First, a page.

Leaders have a reputation for being high achievers – not rooted in just their own performance, but that of the workforce and technology infrastructure they built around them. It’s no surprise then that so many hold themselves to impossibly high standards.
It doesn’t matter how much positive feedback these leaders earn, how many awards they receive, or how many people they impress. These go-getters fear that their weaknesses will unravel. As confident as they appear, they’re shaking under their skin. They’re self-made imposters.
Researchers point out that imposter syndrome has nothing to do with actual shortcomings. Rather, this distorted self-perception is linked to a sense of relentless perfectionism – especially women and academics.
The good news about imposter syndrome is these feelings are entirely in your head. The bad news? It could be interfering with your career advancement. Leaders can overcome this roadblock by taking the following steps:
Step 1: Recognize It
In the heat of the moment, it’s easy to beat yourself up. Overcoming imposter syndrome means recognizing that you’re pushing yourself too hard.
The time to deal with imposter syndrome isn’t when you’re feeling bad. It’s when you’re feeling good about your work – when you’re having a great day and have the clarity to think rationally.
Self-reflection should be an active part of your professional experience. While you’re driving or on the train, think about what you do well and areas where you believe you can improve. Try to look at your performance with an objective eye.
Step 2: Embrace Weaknesses
Weaknesses aren’t necessarily bad for your career. Nobody is perfect – and that’s okay. Instead of dwelling on what you do wrong, focus on nurturing the skillsets in which you excel. Over time, you’ll naturally start to develop gaps in areas – for instance, if you’re a brilliant art director, you may start to lose your entry level programming skills.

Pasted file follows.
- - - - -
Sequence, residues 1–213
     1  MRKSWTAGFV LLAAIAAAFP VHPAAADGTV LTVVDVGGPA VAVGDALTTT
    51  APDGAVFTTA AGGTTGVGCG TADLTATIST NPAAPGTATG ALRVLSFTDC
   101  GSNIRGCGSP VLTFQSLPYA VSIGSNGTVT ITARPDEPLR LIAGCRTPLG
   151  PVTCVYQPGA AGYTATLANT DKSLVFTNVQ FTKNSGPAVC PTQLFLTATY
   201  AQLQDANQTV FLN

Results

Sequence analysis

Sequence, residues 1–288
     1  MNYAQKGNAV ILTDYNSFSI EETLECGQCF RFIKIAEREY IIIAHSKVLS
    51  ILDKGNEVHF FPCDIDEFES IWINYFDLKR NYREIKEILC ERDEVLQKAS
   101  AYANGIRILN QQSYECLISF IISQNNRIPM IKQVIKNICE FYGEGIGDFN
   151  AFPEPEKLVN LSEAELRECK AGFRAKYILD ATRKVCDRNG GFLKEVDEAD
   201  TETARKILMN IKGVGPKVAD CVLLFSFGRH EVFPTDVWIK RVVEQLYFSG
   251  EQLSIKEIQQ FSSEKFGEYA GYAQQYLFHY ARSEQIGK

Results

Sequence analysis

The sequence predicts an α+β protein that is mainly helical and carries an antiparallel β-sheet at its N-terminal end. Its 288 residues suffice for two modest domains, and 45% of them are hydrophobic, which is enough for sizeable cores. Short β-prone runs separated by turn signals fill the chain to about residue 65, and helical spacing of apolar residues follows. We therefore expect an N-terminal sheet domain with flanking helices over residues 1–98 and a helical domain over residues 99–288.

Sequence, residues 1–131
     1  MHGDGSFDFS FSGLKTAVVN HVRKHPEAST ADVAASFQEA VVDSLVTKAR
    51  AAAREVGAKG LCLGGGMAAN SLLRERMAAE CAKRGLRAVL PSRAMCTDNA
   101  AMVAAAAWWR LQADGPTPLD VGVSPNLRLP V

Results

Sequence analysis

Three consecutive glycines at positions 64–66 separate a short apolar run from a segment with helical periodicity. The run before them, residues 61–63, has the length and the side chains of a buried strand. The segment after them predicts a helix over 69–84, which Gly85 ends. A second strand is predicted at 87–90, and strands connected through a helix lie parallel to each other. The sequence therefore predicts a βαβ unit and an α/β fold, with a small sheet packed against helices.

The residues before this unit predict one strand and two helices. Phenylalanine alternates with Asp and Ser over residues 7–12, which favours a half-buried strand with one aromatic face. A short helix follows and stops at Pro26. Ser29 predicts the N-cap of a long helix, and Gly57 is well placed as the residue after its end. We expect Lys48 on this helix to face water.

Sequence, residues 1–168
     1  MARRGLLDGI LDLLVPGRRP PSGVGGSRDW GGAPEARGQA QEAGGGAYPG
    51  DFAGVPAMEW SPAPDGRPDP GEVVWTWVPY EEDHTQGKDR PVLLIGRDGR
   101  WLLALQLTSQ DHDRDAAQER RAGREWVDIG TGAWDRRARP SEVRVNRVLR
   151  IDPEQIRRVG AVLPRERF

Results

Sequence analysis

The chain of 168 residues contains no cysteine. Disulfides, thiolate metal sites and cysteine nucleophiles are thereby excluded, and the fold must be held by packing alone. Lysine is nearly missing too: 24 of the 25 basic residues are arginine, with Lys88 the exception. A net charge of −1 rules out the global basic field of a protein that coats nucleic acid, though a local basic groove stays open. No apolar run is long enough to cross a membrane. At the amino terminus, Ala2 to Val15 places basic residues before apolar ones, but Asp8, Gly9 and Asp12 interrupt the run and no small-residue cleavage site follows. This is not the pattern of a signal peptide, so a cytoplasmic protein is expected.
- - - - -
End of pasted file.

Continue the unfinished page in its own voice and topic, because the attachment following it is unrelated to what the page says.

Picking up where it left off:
Confront these gaps head-on and smile – when you’re exceptional, your strengths will move you forward. Your weaknesses will be nothing in comparison.
You can always build teams around the areas in which you’re weak. If you’re a great writer, for instance, focus on recruiting equally great data analysts and designers.
Step 3: Practice Objectivity
Next time you find yourself saying, “I’m sorry, but…” – just stop. You have nothing to be sorry about. Focus on the constructive aspects of your conversation. If something went wrong? Depersonalize it. There is absolutely no reason to accept blame for something that isn’t your fault.
Stop internalizing problems that have nothing to do with your performance. Remember that in business, context is equally important to individual performance. It’s why you joined your employer in the first place – to be a part of an amazing mission, vision and team. Sometimes, the company will experience hiccups, and that’s okay. Don’t let imposter syndrome get in the way of finding a constructive path forward.
There are some leaders who make confidence look easy. It’s easy to feel frustrated and think, “what’s wrong with me?”
Keep in mind that the world’s most confident leaders have years of practice – sometimes, with the help of professional coaches.
The art of feeling amazing starts with one big first step: stop beating yourself up.